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Part VI: Appendixes > Network Identification Wizard

A.7. Network Identification Wizard

If you weren't able to add your computer to a corporate domain network earlier in the installation process, the Network Identification Wizard appears at this point to give you another shot at it. It's not an especially self-explanatory process; in fact, most of the questions this wizard poses are best answered by your network administrator. After all, adding PCs to network domains wasn't in your job description.

Using an Image Disk

It's becoming increasingly common for computer manufacturers to sell you a new PC without including an operating system CD-ROM. (Every 11 cents counts, right?) The machine has Windows installed on it—but if there's no Windows installation CD, what are you supposed to do in case of emergency?

Instead of a physical Windows CD, the manufacturer provides something called an image disk—a CD-ROM containing a complete copy of the operating system and other software that was installed on the computer at the factory. If the contents of the computer's hard disk are ever lost or damaged, you can, in theory, restore the computer to its factory configuration by running a program on the image disk.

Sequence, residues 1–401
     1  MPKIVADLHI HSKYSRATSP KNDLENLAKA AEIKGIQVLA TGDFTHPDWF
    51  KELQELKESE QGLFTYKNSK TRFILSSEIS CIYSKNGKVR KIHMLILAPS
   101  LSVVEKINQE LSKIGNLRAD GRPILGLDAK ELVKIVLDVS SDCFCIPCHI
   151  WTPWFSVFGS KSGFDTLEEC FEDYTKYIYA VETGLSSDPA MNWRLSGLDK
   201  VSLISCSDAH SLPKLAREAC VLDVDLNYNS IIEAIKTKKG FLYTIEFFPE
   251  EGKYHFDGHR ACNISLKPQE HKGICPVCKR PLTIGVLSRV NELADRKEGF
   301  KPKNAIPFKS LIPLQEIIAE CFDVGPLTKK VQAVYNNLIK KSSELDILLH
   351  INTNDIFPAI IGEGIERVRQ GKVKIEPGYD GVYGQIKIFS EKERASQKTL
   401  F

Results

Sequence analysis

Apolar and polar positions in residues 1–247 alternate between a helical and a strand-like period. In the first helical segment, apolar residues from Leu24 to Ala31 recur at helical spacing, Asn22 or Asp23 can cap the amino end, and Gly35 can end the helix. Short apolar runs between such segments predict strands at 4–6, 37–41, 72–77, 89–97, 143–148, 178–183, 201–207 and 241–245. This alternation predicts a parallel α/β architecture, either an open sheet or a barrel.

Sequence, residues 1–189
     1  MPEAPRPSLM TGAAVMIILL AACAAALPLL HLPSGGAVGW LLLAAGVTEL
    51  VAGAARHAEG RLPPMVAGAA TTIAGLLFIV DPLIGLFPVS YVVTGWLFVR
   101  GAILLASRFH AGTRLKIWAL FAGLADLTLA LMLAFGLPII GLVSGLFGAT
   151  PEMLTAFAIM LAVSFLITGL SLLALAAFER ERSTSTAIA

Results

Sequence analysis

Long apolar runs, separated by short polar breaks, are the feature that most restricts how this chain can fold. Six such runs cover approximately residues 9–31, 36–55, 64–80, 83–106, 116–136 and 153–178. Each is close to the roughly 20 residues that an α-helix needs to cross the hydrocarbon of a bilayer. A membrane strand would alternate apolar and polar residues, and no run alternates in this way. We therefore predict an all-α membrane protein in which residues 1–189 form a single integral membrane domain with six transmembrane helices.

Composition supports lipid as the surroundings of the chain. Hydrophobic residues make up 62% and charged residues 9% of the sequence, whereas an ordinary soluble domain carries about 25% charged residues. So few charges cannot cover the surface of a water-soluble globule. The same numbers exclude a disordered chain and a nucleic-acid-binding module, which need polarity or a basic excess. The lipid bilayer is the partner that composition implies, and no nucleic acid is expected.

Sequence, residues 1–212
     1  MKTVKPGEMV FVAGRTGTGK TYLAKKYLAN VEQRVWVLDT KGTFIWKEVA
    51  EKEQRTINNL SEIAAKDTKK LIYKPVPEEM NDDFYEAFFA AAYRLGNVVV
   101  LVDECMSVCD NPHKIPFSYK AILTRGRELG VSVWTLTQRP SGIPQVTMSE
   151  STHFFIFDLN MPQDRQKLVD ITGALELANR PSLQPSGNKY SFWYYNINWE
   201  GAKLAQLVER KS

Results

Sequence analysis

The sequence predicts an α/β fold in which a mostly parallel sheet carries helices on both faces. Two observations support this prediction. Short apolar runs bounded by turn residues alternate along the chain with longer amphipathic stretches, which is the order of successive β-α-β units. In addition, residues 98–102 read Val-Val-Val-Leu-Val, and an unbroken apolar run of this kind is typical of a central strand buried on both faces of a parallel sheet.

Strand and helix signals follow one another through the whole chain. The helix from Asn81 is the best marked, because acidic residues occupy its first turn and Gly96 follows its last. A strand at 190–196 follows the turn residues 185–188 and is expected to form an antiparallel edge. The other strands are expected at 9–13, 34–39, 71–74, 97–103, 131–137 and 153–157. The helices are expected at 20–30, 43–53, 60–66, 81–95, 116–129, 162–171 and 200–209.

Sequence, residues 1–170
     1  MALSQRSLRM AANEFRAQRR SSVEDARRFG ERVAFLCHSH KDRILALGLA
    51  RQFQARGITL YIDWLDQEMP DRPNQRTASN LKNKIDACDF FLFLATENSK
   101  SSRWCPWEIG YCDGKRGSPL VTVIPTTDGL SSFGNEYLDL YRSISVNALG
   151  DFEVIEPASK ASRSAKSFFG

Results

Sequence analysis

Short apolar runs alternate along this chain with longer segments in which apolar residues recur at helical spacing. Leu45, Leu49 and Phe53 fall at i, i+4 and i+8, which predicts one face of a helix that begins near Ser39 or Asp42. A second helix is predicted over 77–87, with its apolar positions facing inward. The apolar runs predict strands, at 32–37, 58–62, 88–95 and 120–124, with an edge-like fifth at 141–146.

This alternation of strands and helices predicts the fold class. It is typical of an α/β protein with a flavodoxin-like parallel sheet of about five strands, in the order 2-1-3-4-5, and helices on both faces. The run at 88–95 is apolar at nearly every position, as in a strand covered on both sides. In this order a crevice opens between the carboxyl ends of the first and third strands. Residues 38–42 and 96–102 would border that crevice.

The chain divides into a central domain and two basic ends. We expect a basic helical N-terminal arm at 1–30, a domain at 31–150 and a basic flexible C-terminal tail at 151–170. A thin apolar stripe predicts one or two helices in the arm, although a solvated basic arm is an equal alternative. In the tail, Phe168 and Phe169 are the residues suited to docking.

Of course, this image is a bit-by-bit facsimile of the computer's hard disk drive, and therefore, restoring it to your computer completely erases whatever files are already on the drive. You can't restore your computer from an image

Wizarddisk without losing all of the data you saved since you got the computer from the manufacturer. (Talk about a good argument for keeping regular backups!)

But completely reinstalling Windows isn't the only time that you need a Windows CD. As you can read in various chapters of this book, you'll also be prompted to insert the original Windows CD whenever you want to install a new Windows component that wasn't part of the original installation.

In these situations, if your PC came with only an image disk, you're still covered. This image CD generally contains a copy of the operating system installation files, so that whenever you install a new Windows feature, your PC can grab it from the disk. (Furthermore, some manufacturers install a copy of these installation files right on the hard drive, so that you won't even have to hunt for your CD.)



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